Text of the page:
Many religions approach the body as a place for either the actions of sin or grace, good versus evil. Sickness is at times viewed as a punishment for wrong doing. Yet there are new, gentler interpretations that encourage growth and understanding, an integration of all our parts, of our selves with our shadows, our undeveloped aspects that if nurtured will actually help us heal and move towards wholeness.
In the same way that religious texts may be explored and read in new ways, so the story of our bodies may be read in new and helpful ways as well. The traditional medical approach examines only the symptoms that the body presents, reads the body if you will, by categorizing your symptoms in little boxes that fit predetermined medical models. You have this or that disease but if your symptoms do not match any preexisting category of illness, well then, it's all in your head.
Imagine instead now, a new way to read the body of pain, a way which takes in the whole of you, your symptoms, of course, but also, the rest of you, who live an existence that is uniquely your own. You and your disease will be different than that of someone else with apparently the same thing. No two people are exactly alike and so for a physician, no two people will read like the same book at all. This way of reading a person as they pursue a path to healing is very non-literal and most importantly, non-judgemental. It is humane and gentle. It seeks to understand the complicated dance of interaction between our different aspects, our physical self and our spirit. It seeks to understand each person within the context from which they have emerged, in their physician's office, saying, "Fix me." Their religious, social, and cultural background, all of which affects how they, uniquely experience their disease and their pain. It has been long known that various kinds of conditioning affect how a person experiences pain. For example, in WWI, on the battlefield, wounded soldiers only suffered the pain of amputation after they had carried their comrades in arms to safety; worshipers in some Muslim practices draw blood from their own scalps in ecstatic rituals without feeling pain. So too, the individual biography of each person has a hand in how that person experiences pain. Those "used to chronic pain react differently to acute illness that those new to the experience."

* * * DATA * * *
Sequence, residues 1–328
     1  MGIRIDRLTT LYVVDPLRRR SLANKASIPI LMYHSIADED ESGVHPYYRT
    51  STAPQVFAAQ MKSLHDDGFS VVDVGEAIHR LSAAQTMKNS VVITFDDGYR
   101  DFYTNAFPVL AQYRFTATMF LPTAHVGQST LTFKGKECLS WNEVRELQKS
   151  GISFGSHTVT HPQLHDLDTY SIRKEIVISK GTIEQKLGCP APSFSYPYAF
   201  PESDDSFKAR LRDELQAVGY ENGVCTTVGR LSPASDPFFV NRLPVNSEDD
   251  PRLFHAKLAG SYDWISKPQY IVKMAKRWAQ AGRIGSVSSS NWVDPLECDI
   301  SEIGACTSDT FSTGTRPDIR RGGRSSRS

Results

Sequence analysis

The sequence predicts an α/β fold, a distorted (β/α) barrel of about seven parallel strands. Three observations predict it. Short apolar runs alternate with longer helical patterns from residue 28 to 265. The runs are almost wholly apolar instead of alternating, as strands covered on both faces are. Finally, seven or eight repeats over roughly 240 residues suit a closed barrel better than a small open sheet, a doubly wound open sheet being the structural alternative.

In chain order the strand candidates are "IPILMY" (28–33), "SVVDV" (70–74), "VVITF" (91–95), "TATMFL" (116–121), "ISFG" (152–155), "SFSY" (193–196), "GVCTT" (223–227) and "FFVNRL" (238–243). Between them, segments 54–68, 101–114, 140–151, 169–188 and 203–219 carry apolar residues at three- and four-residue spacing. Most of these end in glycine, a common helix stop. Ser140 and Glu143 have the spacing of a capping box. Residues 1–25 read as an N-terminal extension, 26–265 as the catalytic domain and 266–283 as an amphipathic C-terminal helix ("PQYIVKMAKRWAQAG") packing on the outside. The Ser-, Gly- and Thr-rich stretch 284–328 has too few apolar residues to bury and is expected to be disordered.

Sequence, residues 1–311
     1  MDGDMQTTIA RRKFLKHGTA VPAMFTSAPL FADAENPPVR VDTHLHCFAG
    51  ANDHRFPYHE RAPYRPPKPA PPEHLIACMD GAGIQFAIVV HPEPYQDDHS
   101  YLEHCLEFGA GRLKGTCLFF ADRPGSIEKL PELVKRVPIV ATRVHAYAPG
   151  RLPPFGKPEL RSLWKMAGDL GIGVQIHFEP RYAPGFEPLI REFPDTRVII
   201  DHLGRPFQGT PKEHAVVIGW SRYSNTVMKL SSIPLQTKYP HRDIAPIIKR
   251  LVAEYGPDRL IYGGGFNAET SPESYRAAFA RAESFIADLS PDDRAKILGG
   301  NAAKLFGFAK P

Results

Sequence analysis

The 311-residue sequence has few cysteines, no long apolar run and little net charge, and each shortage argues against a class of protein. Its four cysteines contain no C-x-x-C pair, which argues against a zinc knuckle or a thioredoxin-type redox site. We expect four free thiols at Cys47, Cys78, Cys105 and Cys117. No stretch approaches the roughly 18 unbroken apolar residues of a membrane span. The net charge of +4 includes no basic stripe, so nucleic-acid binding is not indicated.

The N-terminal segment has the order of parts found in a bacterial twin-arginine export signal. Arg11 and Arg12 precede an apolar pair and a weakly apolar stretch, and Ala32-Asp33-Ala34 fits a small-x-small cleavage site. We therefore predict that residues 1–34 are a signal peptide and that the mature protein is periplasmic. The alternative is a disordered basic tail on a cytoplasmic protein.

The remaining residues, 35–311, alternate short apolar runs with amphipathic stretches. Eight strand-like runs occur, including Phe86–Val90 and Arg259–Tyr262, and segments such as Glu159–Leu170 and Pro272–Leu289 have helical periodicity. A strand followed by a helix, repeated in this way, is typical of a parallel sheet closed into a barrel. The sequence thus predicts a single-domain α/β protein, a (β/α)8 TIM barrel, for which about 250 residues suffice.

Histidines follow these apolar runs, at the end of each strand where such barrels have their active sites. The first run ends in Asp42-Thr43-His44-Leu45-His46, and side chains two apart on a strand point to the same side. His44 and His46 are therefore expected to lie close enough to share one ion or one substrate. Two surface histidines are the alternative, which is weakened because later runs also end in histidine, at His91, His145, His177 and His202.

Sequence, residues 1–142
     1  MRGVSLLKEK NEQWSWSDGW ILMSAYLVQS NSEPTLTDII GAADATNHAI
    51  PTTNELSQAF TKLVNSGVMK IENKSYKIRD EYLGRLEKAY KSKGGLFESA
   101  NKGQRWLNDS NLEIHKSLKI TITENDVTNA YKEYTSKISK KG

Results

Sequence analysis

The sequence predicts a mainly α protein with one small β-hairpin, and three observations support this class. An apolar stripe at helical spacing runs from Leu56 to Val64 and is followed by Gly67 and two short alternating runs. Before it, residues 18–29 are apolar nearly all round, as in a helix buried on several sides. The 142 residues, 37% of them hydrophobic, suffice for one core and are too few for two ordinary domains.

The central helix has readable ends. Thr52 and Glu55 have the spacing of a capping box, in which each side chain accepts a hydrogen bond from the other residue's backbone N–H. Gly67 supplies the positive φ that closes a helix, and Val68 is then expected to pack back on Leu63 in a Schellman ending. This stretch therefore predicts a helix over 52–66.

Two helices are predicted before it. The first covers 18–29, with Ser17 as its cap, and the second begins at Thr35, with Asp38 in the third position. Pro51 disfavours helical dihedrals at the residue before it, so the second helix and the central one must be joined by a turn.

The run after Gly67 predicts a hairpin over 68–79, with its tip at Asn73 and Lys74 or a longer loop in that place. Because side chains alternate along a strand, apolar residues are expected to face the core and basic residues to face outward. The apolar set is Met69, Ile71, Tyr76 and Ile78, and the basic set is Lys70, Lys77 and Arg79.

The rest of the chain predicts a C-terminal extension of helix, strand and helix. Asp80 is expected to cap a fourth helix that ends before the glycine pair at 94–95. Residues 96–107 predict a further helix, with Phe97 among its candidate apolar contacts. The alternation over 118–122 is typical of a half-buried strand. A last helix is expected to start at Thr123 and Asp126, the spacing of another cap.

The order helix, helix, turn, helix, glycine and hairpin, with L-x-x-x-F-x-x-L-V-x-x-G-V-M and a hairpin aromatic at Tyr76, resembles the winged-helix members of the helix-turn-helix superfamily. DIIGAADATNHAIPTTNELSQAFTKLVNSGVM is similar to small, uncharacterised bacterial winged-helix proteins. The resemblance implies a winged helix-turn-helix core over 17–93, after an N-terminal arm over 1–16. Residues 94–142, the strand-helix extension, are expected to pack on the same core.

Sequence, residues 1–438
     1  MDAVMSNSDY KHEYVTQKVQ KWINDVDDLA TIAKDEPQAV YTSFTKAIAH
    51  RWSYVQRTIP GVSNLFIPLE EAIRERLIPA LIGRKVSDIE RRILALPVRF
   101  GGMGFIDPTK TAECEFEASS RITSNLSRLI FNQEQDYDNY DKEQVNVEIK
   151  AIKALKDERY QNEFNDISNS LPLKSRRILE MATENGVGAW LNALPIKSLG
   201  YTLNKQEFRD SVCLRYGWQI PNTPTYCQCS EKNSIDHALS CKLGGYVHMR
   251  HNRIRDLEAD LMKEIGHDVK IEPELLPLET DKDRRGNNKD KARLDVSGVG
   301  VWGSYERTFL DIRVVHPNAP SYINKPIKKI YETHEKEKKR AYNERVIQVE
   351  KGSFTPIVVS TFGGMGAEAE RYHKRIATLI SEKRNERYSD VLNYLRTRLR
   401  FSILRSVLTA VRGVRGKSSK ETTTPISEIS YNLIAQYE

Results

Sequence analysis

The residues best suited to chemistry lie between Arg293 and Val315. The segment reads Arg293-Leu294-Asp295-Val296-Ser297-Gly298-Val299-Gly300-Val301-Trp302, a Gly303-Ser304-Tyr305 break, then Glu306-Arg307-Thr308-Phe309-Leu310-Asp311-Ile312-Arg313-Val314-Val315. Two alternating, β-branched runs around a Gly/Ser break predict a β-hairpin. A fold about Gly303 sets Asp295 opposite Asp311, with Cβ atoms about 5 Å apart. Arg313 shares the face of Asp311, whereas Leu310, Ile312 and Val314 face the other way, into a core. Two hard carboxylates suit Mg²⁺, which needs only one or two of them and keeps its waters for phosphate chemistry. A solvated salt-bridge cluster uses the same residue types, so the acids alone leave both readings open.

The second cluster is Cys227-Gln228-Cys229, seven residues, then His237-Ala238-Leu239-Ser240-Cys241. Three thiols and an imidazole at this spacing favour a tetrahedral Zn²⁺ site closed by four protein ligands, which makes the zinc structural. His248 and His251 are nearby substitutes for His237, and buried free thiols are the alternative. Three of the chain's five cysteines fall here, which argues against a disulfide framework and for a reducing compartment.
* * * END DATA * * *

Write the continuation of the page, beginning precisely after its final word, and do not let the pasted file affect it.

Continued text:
A complicating factor in the treatment and experience of disease in our modern culture has to do with money. Some diseases rate very high on the scale and garner all the dollars and media attention while others, though equally distressing and painful rate hardly a glance. AIDS, breast cancer, Alzheimer's, all big money, big publicity diseases. By contrast, fibromyalgia, chronic fatigue syndrome, fibrositis is viewed negatively by the medical profession and the insurance companies who rate illness and determine what is worth spending money on. If you happen to have an un-hip illness, then you will likely be out of luck when it comes to insurance coverage. Case in point, the American Academy of Rheumatology refused to recognize fibromyalgia as an independent disease until in 1986, a grass roots movement forced their hand with a congressional hearing.
Doctors are all part of a professional medical culture, which directly impacts upon how they assess disease and accordingly, how they treat it and their patients as well. The views or biases of the doctor are passed on to the patient. If the doctor tells you that your pain is all in your head, implies that you are somehow weak, or confused, what is a person to do? The reality, the truth is that the patient has pain whether the Great White Coat acknowledges it or not. Whether a result of AIDS or chronic fatigue syndrome or something else, objectively pain is pain, period. When the doctor refuses to affirm a patient's suffering the patient is likely to inherit those values as well. At that point they may justifiably feel that they have nowhere else to turn.